Wednesday, August 25, 2010

Growing food is revolutionary





The growing season is going to end.  While that's true every year it seems heart-wrenching this evening.  Tonight’s overnight temperature is predicted to be in the mid-50s.

We’ve taken the miracles on our back deck for granted.  Although, like so many folks in the City we are land constrained we have been able to grow food.  It has sparked a new love for us.  A reminder that we are stewards of this earth.  It has changed the way we think about the consumption of food and so much more.  This gift of gardening is to be cherished.  We’ve been fortunate. 


A Northbrook woman has found a better use for her front yard than a manicured lawn. She turned it into a vegetable garden.
But that doesn’t quite fit Northbrook’s regulations for front yard use, according to director of community planning Thomas Poupard.
The 69-year old Russian immigrant doesn’t see herself as a revolutionary. She just wants to have fresh tomatoes available for the friends and relatives who frequently visit.
“I wouldn’t do it if I had sun in the back yard,” said the woman, who did not want her name used. “The only way to get sun is to put the garden in front.”
The home in the 2700 block of Shannon Road is owned by her son, Alex Lyakhovetsky, who has been asked by Northbrook officials to remove the garden next year.
The homeowner’s mother thinks more people should grow some of their own food, for both the health and economic benefits. And she doesn’t understand who could complain. After all, she said, “it’s not a barking dog at night.”
But people have started complaining.
“We started to get calls from neighbors,” Poupard said.
The calls started after the village board discussed the problem of unkempt grass and landscaping on foreclosed properties in the village.
Poupard said his department sent a letter to Lyakhovetsky, asking that this year’s garden be the last in the front yard.
“We sent what we thought was a nice note asking the homeowner to harvest the crops and restore the yard by next spring,” Poupard said.
Lyakhovetsky said he doesn't understand the fuss. After receiving the letter from the village, he said, he learned that the response was spurred by a complaint from a single neighbor. The rest of the neighborhood has largely come to his defense.
"[The letter] didn't list any specific ordinance or why we can't have it," he said. "I got nothing but support [from neighbors] for doing this. We're not selling anything; it's just for personal use."
Lee Goodman, who lives near Lyakhovetsky, decided to get involved and has gotten about 20 signatures from neighbors supporting her and her garden. Afer all, many neighbors reap the benefits of the garden’s harvests.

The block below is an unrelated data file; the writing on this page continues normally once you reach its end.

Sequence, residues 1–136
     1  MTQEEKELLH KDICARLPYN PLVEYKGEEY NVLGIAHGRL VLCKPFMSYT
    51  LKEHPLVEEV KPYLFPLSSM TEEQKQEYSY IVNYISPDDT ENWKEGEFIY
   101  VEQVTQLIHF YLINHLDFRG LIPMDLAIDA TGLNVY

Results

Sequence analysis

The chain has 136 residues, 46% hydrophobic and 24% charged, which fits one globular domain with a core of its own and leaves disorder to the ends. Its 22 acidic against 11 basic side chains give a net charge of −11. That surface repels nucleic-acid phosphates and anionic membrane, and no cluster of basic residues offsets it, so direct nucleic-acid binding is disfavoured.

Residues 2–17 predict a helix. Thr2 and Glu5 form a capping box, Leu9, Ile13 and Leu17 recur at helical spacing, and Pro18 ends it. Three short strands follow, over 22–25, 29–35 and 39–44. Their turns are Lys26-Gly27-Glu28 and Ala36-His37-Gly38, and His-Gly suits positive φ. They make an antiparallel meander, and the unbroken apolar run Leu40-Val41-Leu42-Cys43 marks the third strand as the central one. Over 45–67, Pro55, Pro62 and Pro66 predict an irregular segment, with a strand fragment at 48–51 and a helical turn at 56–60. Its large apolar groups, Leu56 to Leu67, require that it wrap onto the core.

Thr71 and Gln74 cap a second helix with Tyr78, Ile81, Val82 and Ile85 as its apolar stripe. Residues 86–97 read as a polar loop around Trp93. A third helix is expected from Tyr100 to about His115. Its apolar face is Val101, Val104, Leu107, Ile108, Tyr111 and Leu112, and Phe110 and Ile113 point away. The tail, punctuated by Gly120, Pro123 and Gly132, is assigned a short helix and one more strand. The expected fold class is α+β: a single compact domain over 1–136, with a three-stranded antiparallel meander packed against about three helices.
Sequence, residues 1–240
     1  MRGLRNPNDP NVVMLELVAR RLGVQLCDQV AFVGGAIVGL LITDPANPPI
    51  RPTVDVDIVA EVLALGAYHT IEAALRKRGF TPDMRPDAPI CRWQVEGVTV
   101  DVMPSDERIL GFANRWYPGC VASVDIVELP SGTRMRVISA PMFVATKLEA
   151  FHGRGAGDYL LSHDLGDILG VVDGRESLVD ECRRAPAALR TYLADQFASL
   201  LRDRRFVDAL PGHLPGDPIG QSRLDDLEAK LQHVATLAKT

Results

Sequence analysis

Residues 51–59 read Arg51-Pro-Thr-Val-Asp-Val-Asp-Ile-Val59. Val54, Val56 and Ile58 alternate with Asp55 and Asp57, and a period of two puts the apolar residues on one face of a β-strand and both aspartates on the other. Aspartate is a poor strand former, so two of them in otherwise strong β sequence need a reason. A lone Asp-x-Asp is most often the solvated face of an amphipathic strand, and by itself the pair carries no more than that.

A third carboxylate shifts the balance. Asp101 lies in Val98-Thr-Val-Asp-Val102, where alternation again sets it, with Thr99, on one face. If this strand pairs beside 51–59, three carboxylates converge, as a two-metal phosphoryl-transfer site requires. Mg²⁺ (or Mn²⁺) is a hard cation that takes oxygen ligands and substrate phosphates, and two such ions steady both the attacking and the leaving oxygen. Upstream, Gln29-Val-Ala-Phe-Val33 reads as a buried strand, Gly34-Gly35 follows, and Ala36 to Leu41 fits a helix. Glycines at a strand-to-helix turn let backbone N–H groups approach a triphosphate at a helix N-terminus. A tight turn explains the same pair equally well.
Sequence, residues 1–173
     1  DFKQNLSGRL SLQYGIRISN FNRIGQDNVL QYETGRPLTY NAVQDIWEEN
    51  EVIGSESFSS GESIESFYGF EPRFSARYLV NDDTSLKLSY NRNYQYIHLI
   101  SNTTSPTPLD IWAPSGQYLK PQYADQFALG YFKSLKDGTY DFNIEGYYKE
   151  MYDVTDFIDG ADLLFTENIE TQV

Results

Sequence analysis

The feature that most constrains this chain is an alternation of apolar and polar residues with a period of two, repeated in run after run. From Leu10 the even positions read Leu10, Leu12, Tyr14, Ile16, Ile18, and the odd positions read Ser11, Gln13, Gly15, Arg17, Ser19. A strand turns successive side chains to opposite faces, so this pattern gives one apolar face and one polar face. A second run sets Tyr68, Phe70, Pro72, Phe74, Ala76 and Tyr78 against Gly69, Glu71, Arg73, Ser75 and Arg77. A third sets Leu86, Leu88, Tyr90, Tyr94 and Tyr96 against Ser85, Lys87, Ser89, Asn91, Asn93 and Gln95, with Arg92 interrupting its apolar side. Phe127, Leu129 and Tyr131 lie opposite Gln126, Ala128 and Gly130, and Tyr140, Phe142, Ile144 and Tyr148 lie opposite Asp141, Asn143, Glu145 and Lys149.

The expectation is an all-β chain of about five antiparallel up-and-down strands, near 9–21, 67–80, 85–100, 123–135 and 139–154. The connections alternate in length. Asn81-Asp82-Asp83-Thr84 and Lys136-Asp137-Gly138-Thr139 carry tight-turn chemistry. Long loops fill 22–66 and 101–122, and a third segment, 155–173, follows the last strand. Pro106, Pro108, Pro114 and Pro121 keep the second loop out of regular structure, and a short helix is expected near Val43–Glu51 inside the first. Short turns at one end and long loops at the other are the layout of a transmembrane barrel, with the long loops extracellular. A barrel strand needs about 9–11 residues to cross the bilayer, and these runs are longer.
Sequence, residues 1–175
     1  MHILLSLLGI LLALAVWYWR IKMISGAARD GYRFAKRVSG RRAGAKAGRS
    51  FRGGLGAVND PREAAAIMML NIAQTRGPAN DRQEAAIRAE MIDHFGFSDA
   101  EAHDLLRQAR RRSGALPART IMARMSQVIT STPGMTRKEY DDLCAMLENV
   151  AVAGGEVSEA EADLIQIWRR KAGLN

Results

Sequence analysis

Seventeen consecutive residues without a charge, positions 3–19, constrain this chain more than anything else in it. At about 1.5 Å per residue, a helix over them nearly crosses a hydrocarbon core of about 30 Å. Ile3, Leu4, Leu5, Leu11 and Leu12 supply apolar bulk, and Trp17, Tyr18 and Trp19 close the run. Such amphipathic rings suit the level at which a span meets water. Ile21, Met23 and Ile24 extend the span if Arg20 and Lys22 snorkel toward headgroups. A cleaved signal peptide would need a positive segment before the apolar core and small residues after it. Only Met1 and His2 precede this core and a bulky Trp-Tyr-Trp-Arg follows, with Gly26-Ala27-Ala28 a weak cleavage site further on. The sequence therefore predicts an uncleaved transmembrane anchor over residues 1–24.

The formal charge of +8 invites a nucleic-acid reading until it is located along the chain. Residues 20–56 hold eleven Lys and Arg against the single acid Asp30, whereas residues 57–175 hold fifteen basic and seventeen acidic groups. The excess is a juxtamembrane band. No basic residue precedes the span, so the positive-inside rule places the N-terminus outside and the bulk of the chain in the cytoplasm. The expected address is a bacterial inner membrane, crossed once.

“Just in her neighborhood, about three in four neighbors were happy to sign the petition,” Goodman said.

  There is inspiration to be found in the small acts of resistance people make to nourish their bodies as well as the bodies of their loved ones.

Tuesday, August 24, 2010

Can the invasion of seedless watermelons be contained?

Tonight we had watermelon.  It was a lovely, old-school one that I purchased weeks ago at Baylor’s Melon Stand.  It was chock full of mature black seeds, the kind that are preferred by children everywhere for seed spitting contests.

This summer we grew watermelon, but it was a bust.  I kept looking at the number of days to maturation on the seed pack.  I think they ripened early.

So I was pulling all of the old plants out and getting ready to prep the box for a new crop of greens when I noticed that out of the old vines, new green ones were present.

Then I saw this


And this


Can you believe it?

As we ate dinner, I read about the dearth of diversity in watermelons coming soon:

From the nytimes.com:
IN this dusty field filled with experimental watermelons off Highway 174, there is but one sound that matters.
It’s a deep, soft pop, like a cork slipping free from a wine bottle. You hear it when a pocket knife cracks the green rind on a watermelon so full of wet fruit that the outside can barely contain the inside.
Terry Kirkpatrick, a professor of plant pathology at the University of Arkansas, spends a lot of time here popping open watermelons. He’s searching for deeply colored flesh that is crisp but not crunchy and so juicy that pools fill the divots left by a spoon.
The taste has to be exceptionally sweet but just slightly vegetal, so you know it came from the earth and not the candy counter.